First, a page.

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CFEngine 2023 retrospective

As we bid farewell to 2023, it’s once again time to reflect on the milestones and progress we’ve made throughout the year. This year is especially significant because it marks 30 years since CFEngine’s birth. From its humble beginnings at the University of Oslo to the thousands of implementations across the world and counting, CFEngine has not only weathered the twists and turns of life, but has thrived in an industry where many have come and gone.

CFEngine 3.23 released - Anniversary

Today, we are pleased to announce the release of CFEngine 3.23.0! This is a non-LTS (non-supported) release, where we introduce new features for users to test and give feedback on, allowing us to polish before the next LTS.(CFEngine 3.24 LTS is scheduled to release summer 2024). The codename for this release is anniversary, as this year is CFEngine’s 30th anniversary.

Migrating from Travis to Github Actions

For CFEngine we manage several public and private repositories of code in GitHub for our Open Source and Enterprise products. In order to ensure quality we run many checks on the code both with nightly builds as well as on each pull request. We use a Jenkins server for nightlies which also includes more extensive deployment tests on all of the platforms we support. Previously we had used Travis for many of these checks but that system started to show its age and limitations.

CFEngine 3.22 released - Coordination

Today, we are pleased to announce the release of CFEngine 3.22.0! The focus of this new version has been coordination. This is a non-LTS (non-supported) release, where we introduce new features for users to test and give feedback on, allowing us to polish before the next LTS.(CFEngine 3.24 LTS is scheduled to release summer 2024).

Migrating to cfbs

Traditionally, CFEngine policy sets are managed as a whole. When upgrading the Masterfiles Policy Framework (MPF)1 users must download the new version of the policy framework and integrate it into the existing policy set, carefully diffing the vendored policy files against their currently integrated policy. Updates to policy authored by others must be sought out and similarly integrated.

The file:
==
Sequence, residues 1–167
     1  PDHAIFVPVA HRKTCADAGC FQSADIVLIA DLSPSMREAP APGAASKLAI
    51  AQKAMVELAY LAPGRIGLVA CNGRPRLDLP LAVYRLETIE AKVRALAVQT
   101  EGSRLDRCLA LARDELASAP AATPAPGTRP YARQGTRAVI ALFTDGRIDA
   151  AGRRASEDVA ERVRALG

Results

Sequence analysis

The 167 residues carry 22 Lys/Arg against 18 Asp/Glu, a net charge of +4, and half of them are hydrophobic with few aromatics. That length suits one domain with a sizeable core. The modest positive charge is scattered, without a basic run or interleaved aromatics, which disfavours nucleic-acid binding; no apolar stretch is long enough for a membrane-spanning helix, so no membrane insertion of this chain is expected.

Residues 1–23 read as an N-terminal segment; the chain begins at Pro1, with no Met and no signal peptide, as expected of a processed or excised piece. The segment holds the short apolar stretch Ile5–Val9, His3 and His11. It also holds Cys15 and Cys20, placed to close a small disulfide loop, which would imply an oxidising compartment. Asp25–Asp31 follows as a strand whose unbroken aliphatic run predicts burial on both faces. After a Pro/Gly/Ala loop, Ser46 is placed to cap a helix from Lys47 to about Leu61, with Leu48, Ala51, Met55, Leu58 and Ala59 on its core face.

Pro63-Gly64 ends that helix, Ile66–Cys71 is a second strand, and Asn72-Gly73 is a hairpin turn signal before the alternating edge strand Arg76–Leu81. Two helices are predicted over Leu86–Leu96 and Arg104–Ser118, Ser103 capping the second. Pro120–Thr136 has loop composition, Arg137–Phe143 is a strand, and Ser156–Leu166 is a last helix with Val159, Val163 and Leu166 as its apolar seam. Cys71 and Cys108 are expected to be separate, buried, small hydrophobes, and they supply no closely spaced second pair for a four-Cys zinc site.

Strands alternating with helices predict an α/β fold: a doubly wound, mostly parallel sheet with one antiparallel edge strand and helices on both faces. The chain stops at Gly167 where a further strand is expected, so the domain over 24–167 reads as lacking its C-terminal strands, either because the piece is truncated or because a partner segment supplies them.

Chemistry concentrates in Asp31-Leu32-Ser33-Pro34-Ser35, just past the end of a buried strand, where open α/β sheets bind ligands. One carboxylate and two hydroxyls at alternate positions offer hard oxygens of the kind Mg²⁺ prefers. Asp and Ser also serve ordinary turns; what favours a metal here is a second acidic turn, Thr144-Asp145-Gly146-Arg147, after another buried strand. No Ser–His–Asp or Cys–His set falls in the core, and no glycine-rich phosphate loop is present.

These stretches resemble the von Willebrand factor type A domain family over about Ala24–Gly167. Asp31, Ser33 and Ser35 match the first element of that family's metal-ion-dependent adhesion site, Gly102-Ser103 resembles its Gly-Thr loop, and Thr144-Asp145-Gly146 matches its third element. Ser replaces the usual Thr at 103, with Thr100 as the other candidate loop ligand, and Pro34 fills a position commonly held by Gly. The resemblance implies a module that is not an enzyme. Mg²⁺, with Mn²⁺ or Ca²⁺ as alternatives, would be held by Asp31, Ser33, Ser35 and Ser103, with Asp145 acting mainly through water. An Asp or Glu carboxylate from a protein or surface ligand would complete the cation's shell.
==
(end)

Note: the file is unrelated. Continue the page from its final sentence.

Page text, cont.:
Improved software compliance with packages-allowlist

Having a list of software that is allowed to be installed on a host is a strategy to prevent and fix security gaps and maintain compliance with operational guidelines. This zero-trust methodology ensures that only explicitly permitted applications are allowed to be present on a host unlike package block-listing which enumerates an explicit list of software that is not allowed to be present. In fact, with a software allow-list, you are essentially block-listing everything except the software you allow.

How to properly check if files are readable

Opening and reading files may cause your program to block indefinitely, which is a major problem for configuration management tools like CFEngine. What if we make a program that can check if these file operations would block indefinitely, before using them? Unfortunately our good friend Alan Turing proved that such programs are not theoretically possible.

Sneak peek: Groups in Mission Portal

Using CFEngine there are many ways to group and classify your hosts. In order to group their hosts, our users use a combination of JSON files, CFEngine policy language (with variables, classes, and class expressions), host specific data and host filters in Mission Portal. With these features you can choose which hosts to show in reports, and you can make decisions on what changes to make on which hosts.